Kennett Square is a small town in Chester County, Pennsylvania, located about 30 miles from Philadelphia. Kennett Square is known as the Mushroom Capital of the World. Mushroom farming in the area around the town produces over 500 million pounds of mushrooms annually, which is half of the total mushroom crop in the entire nation.
Mushroom Transportation Co., Inc. was founded in the early 1920s by William W. Cutaiar as a regional transporter of mushrooms. The company’s original headquarters was located in Kennett Square, and its trucks delivered loads of mushrooms to produce markets along the Eastern seaboard.
By 1934, the company’s fleet of trucks had grown to include some vehicles that were not suited for hauling their namesake commodity, and the company’s management began to diversify the business. In March 1934, Mushroom Transportation began to offer motor freight service between the city of Buffalo, New York and Philadelphia. It first operated out of a small terminal where it rented two doors in Philadelphia. Eventually the company would expand to terminals in Baltimore, Buffalo, Cleveland and as far south as Washington, D.C. At the height of its operation, Mushroom operated 20 terminals servicing the mid-Atlantic, Northeast and District of Columbia.
Mushroom Transportation continued to expand, and experienced massive growth in the 1960s and 1970s. In 1960, the company reported revenues of $6 million. Five years later, it had grown revenues to $8 million. In 1969, Mushroom Transportation acquired Erie-Pittsburgh Motor Express, a move that grew the business substantially. Following that acquisition, the company added terminals in Oil City and Pittsburgh, Pennsylvania as well as in Cleveland.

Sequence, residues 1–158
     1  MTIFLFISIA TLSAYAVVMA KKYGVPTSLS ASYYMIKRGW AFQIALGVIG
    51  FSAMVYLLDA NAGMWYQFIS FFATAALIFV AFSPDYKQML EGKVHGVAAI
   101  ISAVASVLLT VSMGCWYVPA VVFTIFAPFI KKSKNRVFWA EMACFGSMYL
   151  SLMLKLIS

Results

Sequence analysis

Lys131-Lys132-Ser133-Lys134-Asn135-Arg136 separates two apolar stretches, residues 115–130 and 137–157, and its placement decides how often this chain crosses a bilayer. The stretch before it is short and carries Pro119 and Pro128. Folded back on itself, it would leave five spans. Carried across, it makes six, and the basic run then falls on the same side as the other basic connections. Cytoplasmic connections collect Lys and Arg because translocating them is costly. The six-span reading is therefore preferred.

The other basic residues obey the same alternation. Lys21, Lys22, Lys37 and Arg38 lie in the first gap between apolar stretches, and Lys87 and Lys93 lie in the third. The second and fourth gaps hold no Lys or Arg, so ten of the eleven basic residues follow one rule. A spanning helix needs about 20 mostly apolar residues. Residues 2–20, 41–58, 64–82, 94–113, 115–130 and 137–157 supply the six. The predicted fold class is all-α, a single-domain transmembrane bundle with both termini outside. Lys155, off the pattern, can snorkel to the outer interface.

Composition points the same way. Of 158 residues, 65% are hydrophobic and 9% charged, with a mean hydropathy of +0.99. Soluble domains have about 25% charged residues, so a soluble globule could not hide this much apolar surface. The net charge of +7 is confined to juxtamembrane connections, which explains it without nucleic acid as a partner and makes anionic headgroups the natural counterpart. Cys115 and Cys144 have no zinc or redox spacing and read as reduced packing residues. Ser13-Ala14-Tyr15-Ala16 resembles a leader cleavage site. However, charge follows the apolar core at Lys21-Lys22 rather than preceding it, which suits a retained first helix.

Just one year after the acquisition, revenues skyrocketed again, to $16.5 million. In 1971, Mushroom Transportation acquired another regional carrier, New Jersey-based Reilly’s Auto Transfer, Inc. This widened the company’s service area into New Jersey. By 1974, Mushroom reported record-breaking revenues exceeding $23 million.
Despite these successes, deregulation loomed on the horizon and took effect in 1980. Like many other less-than-truckload carriers, Mushroom Transportation was subject to much greater competition once the industry was deregulated. The increased competition and price discounting that occurred as a result of deregulation eventually killed this iconic brand. In June 1985, Mushroom Transportation filed a petition for protection under Chapter 11 of the federal Bankruptcy Act. At first, Mushroom sought to keep afloat by restructuring the company. Operating terminals were cut from 21 to 12 to lower costs.
Unfortunately, the heated competition of the deregulated industry, in combination with rising operational costs, eventually forced the company to close its doors in 1986 after it was unable to pay past due insurance premiums.